The devil is in the deliberation: Thinking too much reduces preference consistency

Loran F. Nordgren, A. P. Dijksterhuis

Research output: Contribution to journalArticlepeer-review

78 Scopus citations


In five experiments we found that deliberation reduces preference consistency. In experiments 1 and 2, participants who deliberated on their preferences were less consistent in their evaluations compared to those who did not deliberate. Experiment 3 demonstrated that this effect is due to the impediment of deliberation and not to the benefit of nondeliberation. We hypothesized that deliberation leads to the inconsistent weighting of information, especially when the information is complex. As such, we predicted and found in experiments 4 and 5 that the extent to which deliberation decreases preference consistency depends upon the complexity of the information.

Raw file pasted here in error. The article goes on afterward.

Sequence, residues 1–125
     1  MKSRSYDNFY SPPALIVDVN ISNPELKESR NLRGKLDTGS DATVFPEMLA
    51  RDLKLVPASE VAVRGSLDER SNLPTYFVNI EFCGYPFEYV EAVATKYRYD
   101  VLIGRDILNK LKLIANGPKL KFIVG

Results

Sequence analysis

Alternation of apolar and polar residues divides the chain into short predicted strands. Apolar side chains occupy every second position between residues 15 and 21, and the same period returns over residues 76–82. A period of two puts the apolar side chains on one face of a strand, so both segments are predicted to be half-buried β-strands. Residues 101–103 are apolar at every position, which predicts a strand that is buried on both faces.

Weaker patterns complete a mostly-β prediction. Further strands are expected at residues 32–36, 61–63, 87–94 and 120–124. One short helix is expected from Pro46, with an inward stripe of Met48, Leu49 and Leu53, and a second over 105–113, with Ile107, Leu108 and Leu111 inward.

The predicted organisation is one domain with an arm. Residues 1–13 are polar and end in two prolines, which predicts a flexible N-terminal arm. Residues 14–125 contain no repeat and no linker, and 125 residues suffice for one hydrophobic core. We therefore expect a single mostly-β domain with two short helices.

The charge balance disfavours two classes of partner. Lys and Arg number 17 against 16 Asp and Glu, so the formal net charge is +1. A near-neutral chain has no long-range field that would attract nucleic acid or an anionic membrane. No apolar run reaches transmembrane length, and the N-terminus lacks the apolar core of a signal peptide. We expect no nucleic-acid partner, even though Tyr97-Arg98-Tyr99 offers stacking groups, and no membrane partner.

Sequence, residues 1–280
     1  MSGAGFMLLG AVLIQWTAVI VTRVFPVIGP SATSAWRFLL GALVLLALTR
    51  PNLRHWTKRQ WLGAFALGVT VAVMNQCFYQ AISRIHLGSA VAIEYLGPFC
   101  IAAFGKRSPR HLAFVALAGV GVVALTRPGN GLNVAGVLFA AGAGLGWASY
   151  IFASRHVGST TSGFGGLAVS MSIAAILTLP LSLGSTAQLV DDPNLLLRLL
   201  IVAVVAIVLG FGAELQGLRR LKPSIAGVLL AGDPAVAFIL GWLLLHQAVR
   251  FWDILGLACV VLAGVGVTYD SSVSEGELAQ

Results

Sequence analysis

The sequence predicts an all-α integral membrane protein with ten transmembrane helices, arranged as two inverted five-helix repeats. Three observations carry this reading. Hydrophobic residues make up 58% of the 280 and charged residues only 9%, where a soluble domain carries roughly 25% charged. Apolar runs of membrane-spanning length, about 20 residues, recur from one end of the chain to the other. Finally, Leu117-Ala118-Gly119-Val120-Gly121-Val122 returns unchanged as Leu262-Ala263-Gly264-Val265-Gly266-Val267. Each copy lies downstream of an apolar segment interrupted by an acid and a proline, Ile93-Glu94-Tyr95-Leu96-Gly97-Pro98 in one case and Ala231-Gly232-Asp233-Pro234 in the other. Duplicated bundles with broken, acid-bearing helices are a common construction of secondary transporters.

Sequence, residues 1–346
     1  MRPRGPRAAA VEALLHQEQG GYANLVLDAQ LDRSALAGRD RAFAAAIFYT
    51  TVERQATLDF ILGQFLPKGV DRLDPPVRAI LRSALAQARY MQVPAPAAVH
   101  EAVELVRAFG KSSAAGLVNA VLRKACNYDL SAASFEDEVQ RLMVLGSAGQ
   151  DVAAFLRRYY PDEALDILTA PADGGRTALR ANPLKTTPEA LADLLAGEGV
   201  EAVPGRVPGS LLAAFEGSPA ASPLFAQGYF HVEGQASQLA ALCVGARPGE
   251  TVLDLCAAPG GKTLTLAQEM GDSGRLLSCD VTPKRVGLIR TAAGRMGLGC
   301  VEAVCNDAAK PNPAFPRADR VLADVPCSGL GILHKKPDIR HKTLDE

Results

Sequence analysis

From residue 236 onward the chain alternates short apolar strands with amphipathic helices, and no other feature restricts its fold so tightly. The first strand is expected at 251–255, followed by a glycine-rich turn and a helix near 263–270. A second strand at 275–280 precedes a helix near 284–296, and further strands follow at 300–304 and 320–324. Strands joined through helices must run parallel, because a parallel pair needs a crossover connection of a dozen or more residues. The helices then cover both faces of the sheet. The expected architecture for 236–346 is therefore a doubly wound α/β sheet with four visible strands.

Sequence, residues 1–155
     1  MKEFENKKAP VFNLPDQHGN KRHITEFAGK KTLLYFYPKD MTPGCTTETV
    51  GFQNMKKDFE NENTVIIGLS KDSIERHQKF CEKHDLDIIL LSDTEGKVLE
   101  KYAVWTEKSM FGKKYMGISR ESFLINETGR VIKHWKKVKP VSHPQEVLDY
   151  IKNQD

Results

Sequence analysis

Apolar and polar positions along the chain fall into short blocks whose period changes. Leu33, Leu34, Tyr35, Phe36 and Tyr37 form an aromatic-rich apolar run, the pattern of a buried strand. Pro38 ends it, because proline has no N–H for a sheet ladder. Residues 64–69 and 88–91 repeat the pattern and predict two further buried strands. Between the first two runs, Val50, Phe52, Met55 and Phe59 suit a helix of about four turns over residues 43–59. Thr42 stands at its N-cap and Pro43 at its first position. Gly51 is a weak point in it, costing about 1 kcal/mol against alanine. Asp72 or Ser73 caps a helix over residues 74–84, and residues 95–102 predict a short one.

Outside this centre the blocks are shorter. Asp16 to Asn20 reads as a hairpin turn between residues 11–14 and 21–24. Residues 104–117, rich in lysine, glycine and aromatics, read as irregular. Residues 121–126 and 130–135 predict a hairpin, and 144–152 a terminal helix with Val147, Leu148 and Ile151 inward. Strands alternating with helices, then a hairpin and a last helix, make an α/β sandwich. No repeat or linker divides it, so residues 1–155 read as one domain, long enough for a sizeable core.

Original languageEnglish (US)
Pages (from-to)39-46
Number of pages8
JournalJournal of Consumer Research
Issue number1
StatePublished - Jun 2009

ASJC Scopus subject areas

  • Business and International Management
  • Anthropology
  • Arts and Humanities (miscellaneous)
  • Economics and Econometrics
  • Marketing


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